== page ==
Vaginal ProlapseEn Español (Spanish Version)
Vaginal prolapse is the inward and downward bulging of the vaginal walls.
The severity of vaginal prolapse may be defined as:
- First degree—collapse into the upper part of the vagina
- Second degree—collapse further into the vaginal canal, down to the level of the vaginal opening
- Third degree—collapse that extends beyond the opening
Vaginal prolapse is caused by weakened support structures in the pelvic region. The lack of support causes the walls of the vagina to weaken, sag, and collapse.
Pelvic Floor Muscles and Organs
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Increasing age increases your risk of vaginal prolapse. Other factors include:
Symptoms may include:
- Pelvic pressure
- A feeling of vaginal fullness or heaviness
- A feeling of pulling in the pelvis
- Vaginal discomfort
- Urinary urgency and frequency
- Urination when laughing, sneezing, coughing, or exercising
- Difficult or painful intercourse
- Low backache that is relieved with lying down
Your doctor will ask about your symptoms and medical history. A physical exam will also be done. Vaginal prolapse that has no symptoms may be diagnosed during routine examinations. Your doctor may refer you to a gynecologist, who will do a pelvic exam.
Talk with your doctor about the best treatment plan for you. First or second degree prolapse without symptoms may not require treatment. Treatment options include:
involve tensing the muscles around the vagina and anus, holding for several seconds, then releasing. The repetition of this exercise will help to tone pelvic muscles.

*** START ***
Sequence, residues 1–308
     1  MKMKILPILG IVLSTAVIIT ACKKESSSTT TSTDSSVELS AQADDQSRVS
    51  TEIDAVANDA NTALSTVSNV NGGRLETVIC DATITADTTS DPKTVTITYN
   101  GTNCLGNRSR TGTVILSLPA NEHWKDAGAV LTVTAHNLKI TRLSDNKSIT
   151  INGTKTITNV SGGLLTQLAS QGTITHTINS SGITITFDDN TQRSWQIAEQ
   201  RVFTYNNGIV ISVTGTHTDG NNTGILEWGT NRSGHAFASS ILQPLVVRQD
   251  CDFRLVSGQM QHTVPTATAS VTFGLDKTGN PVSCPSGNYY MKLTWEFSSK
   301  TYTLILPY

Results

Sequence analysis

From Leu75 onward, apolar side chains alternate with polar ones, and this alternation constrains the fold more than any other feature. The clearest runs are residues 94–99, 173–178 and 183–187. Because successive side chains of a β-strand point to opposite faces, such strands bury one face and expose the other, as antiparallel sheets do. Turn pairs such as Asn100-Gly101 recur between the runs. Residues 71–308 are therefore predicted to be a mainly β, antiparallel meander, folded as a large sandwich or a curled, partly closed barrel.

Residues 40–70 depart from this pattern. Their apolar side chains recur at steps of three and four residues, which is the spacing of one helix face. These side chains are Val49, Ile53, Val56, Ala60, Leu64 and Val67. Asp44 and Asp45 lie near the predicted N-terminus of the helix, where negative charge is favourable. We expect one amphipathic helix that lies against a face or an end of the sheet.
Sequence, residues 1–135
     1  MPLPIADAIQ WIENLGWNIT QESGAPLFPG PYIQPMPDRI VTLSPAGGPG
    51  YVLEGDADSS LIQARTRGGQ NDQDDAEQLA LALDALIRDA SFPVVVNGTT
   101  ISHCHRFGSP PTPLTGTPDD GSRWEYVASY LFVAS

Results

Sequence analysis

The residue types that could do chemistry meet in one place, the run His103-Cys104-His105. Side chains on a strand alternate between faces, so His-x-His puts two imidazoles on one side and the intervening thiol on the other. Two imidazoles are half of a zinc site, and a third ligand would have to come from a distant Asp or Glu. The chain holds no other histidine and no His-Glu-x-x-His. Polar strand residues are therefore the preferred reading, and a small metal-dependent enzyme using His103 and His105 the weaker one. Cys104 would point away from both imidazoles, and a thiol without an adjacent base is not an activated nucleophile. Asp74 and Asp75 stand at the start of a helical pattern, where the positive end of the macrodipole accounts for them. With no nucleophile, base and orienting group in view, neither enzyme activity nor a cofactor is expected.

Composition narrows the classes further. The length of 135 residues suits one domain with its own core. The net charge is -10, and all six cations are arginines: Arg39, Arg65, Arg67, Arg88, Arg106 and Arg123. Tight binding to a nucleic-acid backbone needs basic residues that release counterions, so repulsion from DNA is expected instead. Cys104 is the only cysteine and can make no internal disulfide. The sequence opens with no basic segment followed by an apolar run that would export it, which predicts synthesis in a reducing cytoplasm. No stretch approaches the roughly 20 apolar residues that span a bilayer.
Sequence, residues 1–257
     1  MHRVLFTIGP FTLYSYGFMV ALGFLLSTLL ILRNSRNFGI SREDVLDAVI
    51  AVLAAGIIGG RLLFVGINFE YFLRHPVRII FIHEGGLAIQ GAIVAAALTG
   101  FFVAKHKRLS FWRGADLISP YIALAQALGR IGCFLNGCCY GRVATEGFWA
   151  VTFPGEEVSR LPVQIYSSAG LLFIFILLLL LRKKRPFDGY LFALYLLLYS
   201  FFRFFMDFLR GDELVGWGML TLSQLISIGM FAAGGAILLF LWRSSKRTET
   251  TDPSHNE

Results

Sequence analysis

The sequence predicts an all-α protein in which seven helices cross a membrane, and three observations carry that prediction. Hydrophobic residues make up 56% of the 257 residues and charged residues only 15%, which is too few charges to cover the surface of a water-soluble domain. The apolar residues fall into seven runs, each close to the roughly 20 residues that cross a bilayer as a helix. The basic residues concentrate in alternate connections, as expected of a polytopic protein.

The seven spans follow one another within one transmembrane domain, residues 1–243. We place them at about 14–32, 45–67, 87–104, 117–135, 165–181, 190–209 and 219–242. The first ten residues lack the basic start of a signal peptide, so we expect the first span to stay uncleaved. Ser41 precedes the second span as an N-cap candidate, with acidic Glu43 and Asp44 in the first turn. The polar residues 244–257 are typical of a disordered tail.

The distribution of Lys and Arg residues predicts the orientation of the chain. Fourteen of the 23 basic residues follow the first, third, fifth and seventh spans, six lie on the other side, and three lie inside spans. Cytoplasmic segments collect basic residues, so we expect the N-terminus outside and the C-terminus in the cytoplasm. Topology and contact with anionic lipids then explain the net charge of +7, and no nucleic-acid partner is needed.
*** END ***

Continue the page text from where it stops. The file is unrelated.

Your doctor may recommend estrogen therapy. This may help prevent further weakness of the pelvic floor.
Your doctor may insert a pessary into the upper portion of the vagina. A pessary is a rubbery, doughnut-shaped device. It helps to prop up the uterus and bladder. Pessary placement is more often used in older women.
Vaginal prolapse that is severe or associated with lasting symptoms may require surgery. Surgery may involve repairing the pelvic floor structure or, in some cases, to suture the vagina.
If you are diagnosed with vaginal prolapse, follow your doctor's
To help prevent vaginal prolapse:
- Maintain a healthy weight.
- To avoid constipation, eat plenty of fruits, vegetables, and whole grains. Drink plenty of fluids throughout the day.
If you smoke,
quit. Smoking may cause chronic coughing and weakening of connective tissues.
- Limit heavy lifting.
American Congress of Obstetricians and Gynecologists
US Department of Health and Human Services Women's Health
Canadian Women's Health Network
Society of Obstetricians and Gynaecologists of Canada
Pelvic organ prolapse. EBSCO DynaMed website. Available at: http://www.ebscohost.com/dynamed/what. Updated January 22, 2013. Accessed April 22, 2013.
Pelvic organ prolapse. International Urogynecological Association website. Available at:
http://www.iuga.org/resource/resmgr/Brochures/eng_pop.pdf. Published 2011. Accessed April 22, 2013.
Pelvic relaxation syndromes. Merck Manual for Health Care Professionals. Available at:
Updated February 2012. Accessed April 22, 2013.
5/11/2009 DynaMed's Systematic Literature Surveillance
http://www.ebscohost.com/dynamed/what.php: Fritel X, Varnoux N, Zins M, Breart G, Ringa V. Symptomatic pelvic organ prolapse at midlife, quality of life, and risk factors.
Last Reviewed April 2013